Department of Physics

Wake Forest University

(Source: web)

PHY 337/637: Analytical Mechanics


Instructor: Dr. David Carroll

Class Location: 103 Olin Hall

Time: 12:30 - 1:45 T/TH

Ave. Out of Class Prep Time: 2 hours/class

General Office Hours: Tues/Thurs 9:00 - 12:00

214 Olin Physical Laboratory, Reynolda Campus

Office Hours by Appointment Email:


Welcome to PHYS 337/637

This course is a detailed introduction to variational methods in mechanics (Lagrangian and Hamiltonian formulations). It is highly theoretical in nature, developing an advanced formalism for dynamics that focuses on underlying symmetries and geometries. Specific reference to applications in astrophysics and cosmology will be made and transitional points to relativity and quantum mechanics will be given. The graduate 639 section is an excellent refresher for those preparing for the graduate qualifier (requires a few additional assignments). This course runs 1/2 a semester and is evaluated midterm (October).

Course Outline

  1. I. 

  2. Generalized coordinates, constraints and minimum coordinate sets

Virtual work and Maupertuis'/D’Alembert principles

Derivation of the Lagrangian

The resulting equations of motion

Lagrangian  multipliers

Exam 1


  1. Variational Calculus

Hamilton’s Principle

Action Integrals and the Lagrangian

The Hamiltonian

Derivation of Hamilton's equations

Conservation principles

Phase Space and Global Behavior

Hamilton Jacobi  

Exam 2


The Class is made up of Lectures (which will be delivered on T/TH 12:30 to 1:40 with additional explanation and discussion), Weekly Homework, and Sectionals (problem solving sessions).  Grading assessments will provide a determination of:

1) the quantity of work done by the student, (30% of grade)

2) the quality of work done by the student, (50% of grade)

3) the ability of the student to use concepts beyond what has already been presented to address unsuspected problems. (20% of grade

How you get Graded:

10%   Showing up to class and recitation, participating in discussions

20% Handing in the homework assignments with reasonable attempts to solve problems

50% Two, in class, quizzes.  They are weighted 25% each. The problems will be variations of the homework. Work the HW and understand each problem, you will do well on the quizzes.  

20% Challenge problems: take home portion of the quizzes. These problems are a little harder and add an additional 10% to the quiz. Generally, there will be 2 of these on each quiz.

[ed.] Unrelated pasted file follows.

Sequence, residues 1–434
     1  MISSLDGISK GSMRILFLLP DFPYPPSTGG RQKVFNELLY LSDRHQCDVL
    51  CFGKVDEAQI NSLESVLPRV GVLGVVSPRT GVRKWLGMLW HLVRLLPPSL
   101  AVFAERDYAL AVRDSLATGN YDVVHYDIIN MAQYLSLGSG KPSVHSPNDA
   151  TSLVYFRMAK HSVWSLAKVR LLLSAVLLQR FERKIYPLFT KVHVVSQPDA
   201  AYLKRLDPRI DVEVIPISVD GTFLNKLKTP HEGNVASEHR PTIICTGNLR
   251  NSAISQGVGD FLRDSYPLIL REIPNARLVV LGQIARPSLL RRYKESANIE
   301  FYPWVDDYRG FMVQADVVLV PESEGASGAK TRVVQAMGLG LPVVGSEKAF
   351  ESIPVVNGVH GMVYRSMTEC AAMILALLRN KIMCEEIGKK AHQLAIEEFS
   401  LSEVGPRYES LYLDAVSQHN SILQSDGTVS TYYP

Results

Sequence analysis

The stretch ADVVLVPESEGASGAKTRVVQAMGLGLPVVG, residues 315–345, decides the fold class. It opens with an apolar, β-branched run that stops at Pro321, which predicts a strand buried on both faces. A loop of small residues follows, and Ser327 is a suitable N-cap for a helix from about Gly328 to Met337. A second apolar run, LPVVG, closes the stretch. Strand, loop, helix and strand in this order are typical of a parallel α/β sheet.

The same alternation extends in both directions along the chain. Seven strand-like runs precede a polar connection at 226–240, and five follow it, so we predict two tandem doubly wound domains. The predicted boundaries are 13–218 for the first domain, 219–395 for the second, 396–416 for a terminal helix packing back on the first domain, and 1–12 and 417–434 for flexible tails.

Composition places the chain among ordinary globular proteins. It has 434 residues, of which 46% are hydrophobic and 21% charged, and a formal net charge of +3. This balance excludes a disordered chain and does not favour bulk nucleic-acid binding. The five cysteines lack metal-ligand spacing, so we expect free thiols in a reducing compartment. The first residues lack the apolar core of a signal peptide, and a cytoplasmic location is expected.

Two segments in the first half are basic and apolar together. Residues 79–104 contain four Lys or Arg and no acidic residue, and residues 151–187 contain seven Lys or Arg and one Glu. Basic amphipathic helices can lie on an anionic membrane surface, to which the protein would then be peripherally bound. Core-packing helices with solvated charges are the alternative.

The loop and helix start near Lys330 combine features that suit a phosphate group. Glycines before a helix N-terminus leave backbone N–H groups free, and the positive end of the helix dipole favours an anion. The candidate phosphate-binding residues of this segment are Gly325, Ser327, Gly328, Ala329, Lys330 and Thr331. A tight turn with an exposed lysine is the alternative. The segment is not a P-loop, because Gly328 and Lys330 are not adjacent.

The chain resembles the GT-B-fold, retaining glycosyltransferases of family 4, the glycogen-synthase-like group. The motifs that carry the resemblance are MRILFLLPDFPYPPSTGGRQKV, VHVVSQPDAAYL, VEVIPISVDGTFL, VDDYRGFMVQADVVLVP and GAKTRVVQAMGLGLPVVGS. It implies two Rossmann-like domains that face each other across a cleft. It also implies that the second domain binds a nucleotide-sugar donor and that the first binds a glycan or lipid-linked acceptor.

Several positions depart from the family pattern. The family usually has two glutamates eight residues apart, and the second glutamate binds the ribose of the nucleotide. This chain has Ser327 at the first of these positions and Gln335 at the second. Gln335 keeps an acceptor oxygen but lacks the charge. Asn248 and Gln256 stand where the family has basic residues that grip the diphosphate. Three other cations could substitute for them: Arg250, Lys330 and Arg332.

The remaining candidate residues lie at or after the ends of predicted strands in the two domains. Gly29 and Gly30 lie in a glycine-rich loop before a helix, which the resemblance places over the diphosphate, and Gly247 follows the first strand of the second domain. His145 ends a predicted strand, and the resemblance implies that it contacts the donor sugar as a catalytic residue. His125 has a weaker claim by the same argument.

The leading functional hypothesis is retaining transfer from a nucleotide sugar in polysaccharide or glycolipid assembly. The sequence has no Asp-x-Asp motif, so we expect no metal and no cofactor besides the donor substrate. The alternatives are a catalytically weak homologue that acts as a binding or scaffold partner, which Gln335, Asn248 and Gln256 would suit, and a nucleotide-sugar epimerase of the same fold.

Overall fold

Narrative and Prerequisites

You have learned Newton’s laws and spent quite a bit of time applying them. So this class assumes a working knowledge of:

i.The freebody diagram

ii.Newton’s 3 main laws

iii.Kinetic and potential energy


v.*Extended bodies and Euler Angles

vi.Gravitational problems and Orbits

vii.*Harmonic and nonharmonic oscillations

The * topics are often missed, and they will be really important. So we will review these... 

The Newtonian approach makes use of the philosophy that abstraction of forces being applied to a body and the body then moving is a result of the forces. To be predictive, we have to be rather detailed about the nature of the forces: contact forces, gravitational forces, centripetal forces, and more. Newton’s laws then provide us with equations that describe a unique space-time path of each object, assuming we know the unique initial conditions of motion.

However in fields such as astrophysics, fluid dynamics, atmospheric science, etc, this can be a very difficult way to solve problems. Moreover, it isn’t very useful in approaching quantum mechanics.

Analytical app
roaches are not like this. Instead we imagine space and the objects occupying it, with specific symmetries and constraints to the motion of objects. There exist physical quantities associated with the system: energy flowing between its kinetic and potential forms, action integrals taking on values as objects move along trajectories, work being done to and against the objects… these define the motion of objects in the system.  Analytical approaches claim that minimization of such quantities yields the unique and real space-time path for the system in all time and no reference is made to applied forces!  Importantly, this approach lets you see how the system would behave under a variety of initial conditions: “global behavior.”

The Text for the course is also quite helpful.  “A Student’s Guide to Lagrangians and Hamiltonians” by Patrick Hamill, Cambridge press.  You should read this each night and be familiar with the examples.